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In clinical studies on Atripla and pregnancy, the efavirenz component of the medication increased the risk of birth defects when it was given to pregnant monkeys. Since Atripla may present risks to an unborn child, healthcare providers should only prescribe the drug to pregnant women if the benefits outweigh the possible risks. If you are taking Atripla and pregnancy occurs, contact your healthcare provider immediately.

Atripla and Pregnancy: An Overview

Atripla™ (efavirenz, emtricitabine, and tenofovir disoproxil fumarate) is a prescription HIV treatment. Based on information from animal studies, the drug may not be safe for use during pregnancy, although the benefits of Atripla may outweigh the risks for many women.

Atripla and Pregnancy Category D

The U.S. Food and Drug Administration (FDA) uses a category system to classify the possible risks to a fetus when a specific medicine is taken during pregnancy. Pregnancy Category D is a classification given to medicines that have been shown to present a risk to the fetus in studies of pregnant women but that may still offer benefits that outweigh the risks that the drug presents. A pregnancy Category D medicine may still be given to a pregnant woman if her healthcare provider believes that the benefits to the woman outweigh the risks to the unborn child.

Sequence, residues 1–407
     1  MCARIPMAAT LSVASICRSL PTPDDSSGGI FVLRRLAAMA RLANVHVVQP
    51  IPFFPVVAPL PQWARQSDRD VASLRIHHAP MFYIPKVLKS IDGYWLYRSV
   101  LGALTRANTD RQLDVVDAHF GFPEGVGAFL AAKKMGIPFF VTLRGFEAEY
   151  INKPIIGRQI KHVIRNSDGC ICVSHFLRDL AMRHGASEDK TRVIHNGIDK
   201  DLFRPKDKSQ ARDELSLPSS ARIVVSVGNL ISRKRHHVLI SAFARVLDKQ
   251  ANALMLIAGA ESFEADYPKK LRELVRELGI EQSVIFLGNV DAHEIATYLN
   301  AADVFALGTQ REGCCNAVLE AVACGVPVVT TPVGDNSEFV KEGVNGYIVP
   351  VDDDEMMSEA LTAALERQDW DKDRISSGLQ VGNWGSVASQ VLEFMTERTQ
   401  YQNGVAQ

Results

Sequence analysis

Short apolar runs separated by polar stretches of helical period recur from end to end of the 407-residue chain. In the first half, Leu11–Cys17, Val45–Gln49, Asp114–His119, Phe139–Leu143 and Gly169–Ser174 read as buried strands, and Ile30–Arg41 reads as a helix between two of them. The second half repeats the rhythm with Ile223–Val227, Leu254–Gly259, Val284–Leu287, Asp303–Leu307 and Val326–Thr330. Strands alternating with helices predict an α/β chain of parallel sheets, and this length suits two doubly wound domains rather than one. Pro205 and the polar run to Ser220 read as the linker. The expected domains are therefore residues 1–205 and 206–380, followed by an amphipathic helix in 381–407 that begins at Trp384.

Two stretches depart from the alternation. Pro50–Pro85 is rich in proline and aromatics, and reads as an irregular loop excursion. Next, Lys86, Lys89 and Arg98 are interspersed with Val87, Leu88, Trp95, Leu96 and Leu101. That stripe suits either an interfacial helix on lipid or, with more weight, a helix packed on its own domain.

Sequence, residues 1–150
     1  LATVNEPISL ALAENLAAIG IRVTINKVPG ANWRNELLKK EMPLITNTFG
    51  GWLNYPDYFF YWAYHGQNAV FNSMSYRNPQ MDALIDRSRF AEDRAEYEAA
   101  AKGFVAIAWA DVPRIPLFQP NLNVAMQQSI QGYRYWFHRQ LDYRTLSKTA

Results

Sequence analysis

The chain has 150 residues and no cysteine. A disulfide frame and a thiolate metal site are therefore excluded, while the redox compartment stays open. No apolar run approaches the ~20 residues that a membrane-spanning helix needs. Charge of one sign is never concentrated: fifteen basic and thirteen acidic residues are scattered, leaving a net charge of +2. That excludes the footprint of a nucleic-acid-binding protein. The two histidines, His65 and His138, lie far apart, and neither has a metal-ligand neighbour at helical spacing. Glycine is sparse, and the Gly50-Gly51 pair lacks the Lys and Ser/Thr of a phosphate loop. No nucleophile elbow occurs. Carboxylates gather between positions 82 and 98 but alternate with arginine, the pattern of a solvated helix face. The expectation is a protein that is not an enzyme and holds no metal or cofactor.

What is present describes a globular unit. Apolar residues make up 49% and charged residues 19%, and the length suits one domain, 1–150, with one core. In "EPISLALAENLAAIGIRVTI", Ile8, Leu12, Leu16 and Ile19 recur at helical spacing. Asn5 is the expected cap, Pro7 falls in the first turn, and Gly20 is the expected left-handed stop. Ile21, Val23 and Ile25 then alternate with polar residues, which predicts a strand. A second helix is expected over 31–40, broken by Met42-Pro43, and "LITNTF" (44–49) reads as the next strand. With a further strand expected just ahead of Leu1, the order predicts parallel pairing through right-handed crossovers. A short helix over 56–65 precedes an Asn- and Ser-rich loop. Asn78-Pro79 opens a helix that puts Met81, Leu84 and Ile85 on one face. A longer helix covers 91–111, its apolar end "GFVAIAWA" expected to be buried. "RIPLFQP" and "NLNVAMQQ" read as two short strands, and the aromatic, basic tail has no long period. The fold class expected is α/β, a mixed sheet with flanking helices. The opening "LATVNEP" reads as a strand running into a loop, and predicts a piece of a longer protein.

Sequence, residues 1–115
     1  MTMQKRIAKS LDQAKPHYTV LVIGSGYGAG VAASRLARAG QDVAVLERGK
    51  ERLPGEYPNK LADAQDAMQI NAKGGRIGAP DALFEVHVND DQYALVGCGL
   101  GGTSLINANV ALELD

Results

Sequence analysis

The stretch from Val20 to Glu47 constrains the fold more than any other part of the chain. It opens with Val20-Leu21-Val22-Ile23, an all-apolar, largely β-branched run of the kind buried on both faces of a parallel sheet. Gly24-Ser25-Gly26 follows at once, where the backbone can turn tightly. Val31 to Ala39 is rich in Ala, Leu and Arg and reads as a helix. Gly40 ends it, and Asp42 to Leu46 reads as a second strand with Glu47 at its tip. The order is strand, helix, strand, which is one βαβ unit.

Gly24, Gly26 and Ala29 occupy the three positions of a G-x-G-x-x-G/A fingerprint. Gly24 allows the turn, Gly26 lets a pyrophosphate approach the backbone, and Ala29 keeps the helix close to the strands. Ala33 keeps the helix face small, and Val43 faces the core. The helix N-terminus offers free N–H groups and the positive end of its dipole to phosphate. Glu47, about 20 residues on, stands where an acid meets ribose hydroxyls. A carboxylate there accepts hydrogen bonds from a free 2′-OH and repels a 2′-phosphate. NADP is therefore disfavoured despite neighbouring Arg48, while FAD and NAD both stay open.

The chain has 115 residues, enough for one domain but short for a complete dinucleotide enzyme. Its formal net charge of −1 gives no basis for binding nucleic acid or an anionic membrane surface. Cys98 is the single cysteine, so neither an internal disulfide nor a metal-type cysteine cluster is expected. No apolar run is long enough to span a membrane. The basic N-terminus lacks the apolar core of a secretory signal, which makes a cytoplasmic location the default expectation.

Atripla was given a pregnancy Category D rating due to the efavirenz component of it. Giving efavirenz to pregnant monkeys increased the risk of serious birth defects. Studies in humans have also suggested an increased risk of birth defects due to efavirenz, although more thorough studies are needed before the full risks are known. Neither of the other two active ingredients (emtricitabine and tenofovir) has been shown to cause any problems during pregnancy.
Women should be given a pregnancy test before starting Atripla. In addition, adequate contraception (in order to avoid pregnancy) should be used while a woman is taking Atripla and for 12 weeks after stopping the medication. Adequate contraception must include a barrier method (such as condoms), as hormonal birth control methods (such as birth control pills) may be made less effective by Atripla.
Written by/reviewed by:
Last reviewed by: Kristi Monson, PharmD;
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